created would be bound by these standards.
Change control for all developed code was implemented; all code was stored in Microsoft Visual Source Safe. All pertinent documentation was also maintained under change control.
A library of stand-alone functions began to grow, the ability to use and re-use these methods or functions was supported by the fact that every member of the team was adhering to the standards, that the scripts and master test plans created might differ by application and functionality but the manner in which they were created was identical.
The sizing standards and tool were refined as experience indicated that through the use of the stand-alone functions and following a common development method the time required to create the automated product could be reduced.
Tools to produce plan files and element methods were created and put into use, further increasing the team member’s efficiency.
The work in progress and completed work was tracked using an Excel spreadsheet. By the close of the year 2001 there were approximately 8,300 automated test cases in the inventory.
Although significant progress had been made and measured, there was a strong desire to improve what was being done. None of what the team accomplished came cheaply. Automation is expensive. Several analysis efforts did indicate however that for one of the Flagship products 2610 tests were run during a certification effort. With 0 percent of those cases automated this was a 9-day/11-resource effort. With 12 percent of 3274 test cases, certification required 6 days/6 resources. At a point where 55 percent of 3216 test cases were automated, the certification effort required 4 days/6 resources.
The cost of testing during 2001 was significantly reduced. But automation was still an expensive line in the budget.
Investigation into several articles about data driven automation revealed that if applicable, this method could not only significantly reduce the size of the scripts created during automation but would provide more robust scripts requiring less maintenance and thus reducing the cost of rework.
Data Driver.inc was created. This was the tool used to process .CSV files in a generic manner dispatching the instructions to function/method calls. It was determined by analysis that approximately 79 percent of the test plans presented for automation would lend themselves to this method of automation. Templates were created to use during the creation of the test plans and the automation process. A document defining the creation of a test plan for data driven automation was provided to the test staff.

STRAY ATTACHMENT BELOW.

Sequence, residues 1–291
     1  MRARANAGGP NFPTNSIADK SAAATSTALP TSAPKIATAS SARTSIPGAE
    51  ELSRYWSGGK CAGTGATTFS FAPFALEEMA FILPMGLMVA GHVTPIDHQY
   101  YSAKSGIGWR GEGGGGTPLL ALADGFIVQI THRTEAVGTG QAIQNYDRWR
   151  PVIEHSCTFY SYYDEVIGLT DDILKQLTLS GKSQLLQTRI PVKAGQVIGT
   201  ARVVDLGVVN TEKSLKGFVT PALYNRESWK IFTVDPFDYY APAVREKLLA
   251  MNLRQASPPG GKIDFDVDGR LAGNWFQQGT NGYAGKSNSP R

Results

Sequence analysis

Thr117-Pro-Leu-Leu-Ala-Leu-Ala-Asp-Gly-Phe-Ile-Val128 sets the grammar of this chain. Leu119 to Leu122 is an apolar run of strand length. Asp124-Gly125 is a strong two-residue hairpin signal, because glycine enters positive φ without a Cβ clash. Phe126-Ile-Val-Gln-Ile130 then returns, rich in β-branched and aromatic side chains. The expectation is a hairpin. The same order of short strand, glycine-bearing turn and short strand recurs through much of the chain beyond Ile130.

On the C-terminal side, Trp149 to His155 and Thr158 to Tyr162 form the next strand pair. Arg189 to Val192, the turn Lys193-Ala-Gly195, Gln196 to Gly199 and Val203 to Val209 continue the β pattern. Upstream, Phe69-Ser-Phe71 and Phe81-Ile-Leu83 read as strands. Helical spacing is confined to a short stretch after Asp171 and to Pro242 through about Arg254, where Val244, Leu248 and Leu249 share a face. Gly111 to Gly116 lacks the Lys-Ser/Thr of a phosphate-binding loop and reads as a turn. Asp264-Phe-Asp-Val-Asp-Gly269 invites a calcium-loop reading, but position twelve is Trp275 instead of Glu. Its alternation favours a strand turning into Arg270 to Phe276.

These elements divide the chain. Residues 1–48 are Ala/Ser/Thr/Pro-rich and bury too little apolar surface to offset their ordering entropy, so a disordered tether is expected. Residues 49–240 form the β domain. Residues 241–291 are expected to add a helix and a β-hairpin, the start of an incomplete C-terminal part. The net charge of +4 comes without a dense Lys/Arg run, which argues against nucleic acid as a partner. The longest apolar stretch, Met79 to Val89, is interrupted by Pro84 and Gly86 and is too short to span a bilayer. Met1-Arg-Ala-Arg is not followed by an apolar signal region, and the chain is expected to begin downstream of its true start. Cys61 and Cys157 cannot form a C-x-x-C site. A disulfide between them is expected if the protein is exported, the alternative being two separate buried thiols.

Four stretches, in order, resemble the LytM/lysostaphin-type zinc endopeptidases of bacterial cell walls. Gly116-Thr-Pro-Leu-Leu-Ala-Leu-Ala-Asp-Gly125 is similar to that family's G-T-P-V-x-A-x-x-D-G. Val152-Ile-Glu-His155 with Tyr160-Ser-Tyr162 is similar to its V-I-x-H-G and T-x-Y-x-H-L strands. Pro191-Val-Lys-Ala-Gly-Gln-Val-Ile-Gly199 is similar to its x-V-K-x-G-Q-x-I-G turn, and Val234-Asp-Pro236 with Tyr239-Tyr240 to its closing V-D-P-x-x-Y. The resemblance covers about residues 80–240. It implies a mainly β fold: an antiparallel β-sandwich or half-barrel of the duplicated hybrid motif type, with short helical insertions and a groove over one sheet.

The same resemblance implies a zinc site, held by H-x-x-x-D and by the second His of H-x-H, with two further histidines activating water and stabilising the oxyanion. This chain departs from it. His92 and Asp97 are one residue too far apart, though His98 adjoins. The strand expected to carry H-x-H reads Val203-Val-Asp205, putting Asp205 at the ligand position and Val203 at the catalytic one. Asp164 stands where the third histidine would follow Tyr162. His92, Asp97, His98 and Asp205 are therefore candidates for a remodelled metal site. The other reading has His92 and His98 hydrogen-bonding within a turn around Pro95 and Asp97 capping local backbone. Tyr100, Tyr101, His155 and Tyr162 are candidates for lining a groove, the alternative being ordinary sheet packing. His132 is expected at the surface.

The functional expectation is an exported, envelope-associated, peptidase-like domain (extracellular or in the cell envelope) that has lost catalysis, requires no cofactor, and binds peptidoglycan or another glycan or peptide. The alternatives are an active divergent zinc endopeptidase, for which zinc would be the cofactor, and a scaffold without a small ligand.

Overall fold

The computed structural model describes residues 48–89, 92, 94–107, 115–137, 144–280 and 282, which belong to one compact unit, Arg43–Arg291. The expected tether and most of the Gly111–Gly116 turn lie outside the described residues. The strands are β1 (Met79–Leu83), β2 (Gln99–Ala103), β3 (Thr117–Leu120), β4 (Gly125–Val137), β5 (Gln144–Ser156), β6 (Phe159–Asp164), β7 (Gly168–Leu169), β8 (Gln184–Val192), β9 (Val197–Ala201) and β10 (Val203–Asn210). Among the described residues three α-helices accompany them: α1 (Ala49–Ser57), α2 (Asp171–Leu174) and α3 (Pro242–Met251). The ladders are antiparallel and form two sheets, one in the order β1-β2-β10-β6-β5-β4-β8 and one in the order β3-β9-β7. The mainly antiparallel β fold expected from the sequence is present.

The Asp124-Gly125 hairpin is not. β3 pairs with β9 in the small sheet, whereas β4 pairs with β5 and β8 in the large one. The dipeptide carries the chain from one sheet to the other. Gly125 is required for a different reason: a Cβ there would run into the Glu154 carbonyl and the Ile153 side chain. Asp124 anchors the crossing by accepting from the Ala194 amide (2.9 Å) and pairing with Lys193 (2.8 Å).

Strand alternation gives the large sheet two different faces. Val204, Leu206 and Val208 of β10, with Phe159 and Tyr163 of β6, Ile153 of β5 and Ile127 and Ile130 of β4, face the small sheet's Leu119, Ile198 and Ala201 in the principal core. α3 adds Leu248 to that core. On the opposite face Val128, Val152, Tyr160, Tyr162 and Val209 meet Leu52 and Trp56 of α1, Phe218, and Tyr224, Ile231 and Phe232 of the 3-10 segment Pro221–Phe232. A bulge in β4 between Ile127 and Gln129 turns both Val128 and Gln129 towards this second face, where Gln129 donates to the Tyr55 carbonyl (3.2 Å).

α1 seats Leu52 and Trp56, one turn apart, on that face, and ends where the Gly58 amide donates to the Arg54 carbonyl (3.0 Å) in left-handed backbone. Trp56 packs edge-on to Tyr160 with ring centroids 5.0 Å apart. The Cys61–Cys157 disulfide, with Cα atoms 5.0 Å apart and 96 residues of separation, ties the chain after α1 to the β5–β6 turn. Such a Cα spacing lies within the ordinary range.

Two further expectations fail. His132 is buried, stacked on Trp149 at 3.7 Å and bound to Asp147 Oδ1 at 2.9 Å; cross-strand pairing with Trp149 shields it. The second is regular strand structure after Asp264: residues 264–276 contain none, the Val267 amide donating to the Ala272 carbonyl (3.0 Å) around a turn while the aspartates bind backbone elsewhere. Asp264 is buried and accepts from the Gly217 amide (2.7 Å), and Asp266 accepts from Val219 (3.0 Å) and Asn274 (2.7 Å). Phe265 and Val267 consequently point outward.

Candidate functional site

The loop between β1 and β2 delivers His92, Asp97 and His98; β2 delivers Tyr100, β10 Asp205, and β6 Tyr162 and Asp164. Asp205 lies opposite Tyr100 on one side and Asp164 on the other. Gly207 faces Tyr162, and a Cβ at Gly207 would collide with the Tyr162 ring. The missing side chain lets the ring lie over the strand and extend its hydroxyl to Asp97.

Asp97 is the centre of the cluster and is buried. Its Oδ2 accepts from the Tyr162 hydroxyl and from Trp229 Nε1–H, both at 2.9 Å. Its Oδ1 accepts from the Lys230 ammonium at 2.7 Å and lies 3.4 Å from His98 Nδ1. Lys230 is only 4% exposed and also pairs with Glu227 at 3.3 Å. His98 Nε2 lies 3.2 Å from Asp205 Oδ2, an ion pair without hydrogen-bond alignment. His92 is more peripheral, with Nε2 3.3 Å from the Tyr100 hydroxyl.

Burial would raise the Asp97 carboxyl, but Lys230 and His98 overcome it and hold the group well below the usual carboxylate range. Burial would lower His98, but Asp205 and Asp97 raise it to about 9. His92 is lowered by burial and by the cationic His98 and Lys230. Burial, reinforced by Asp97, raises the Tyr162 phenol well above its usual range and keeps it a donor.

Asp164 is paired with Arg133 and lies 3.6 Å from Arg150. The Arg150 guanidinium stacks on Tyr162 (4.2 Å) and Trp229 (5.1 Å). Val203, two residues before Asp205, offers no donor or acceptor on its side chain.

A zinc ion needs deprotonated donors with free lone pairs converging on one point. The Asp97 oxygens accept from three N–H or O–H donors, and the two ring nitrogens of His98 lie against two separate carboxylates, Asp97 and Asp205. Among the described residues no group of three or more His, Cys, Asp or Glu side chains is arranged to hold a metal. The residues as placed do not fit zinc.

A sample data driven test plan was created and demonstrated to the management team for their consideration. In addition to the demonstration of this method, a cost analysis comparing the existing cost of producing automation using functional decomposition to the projected cost of producing data driven automation was provided to the management team. The cost projections indicated at least a 40 percent reduction in the cost of automation and a 50 percent reduction in maintenance costs.
The next marketing effort was to present this method to the test staff for consideration. They would be impacted, their test designs would change and their planning would be different. There would be benefits specific to the test analyst, since the test data resided in the .CSV files, they had control over how much of a test would be run, which data would be used, and now had the ability to add or delete data as desired without the assistance of the automation team.
Several projects were selected for betas, one of which ran the same test with ten thousand lines of data. The results were convincing and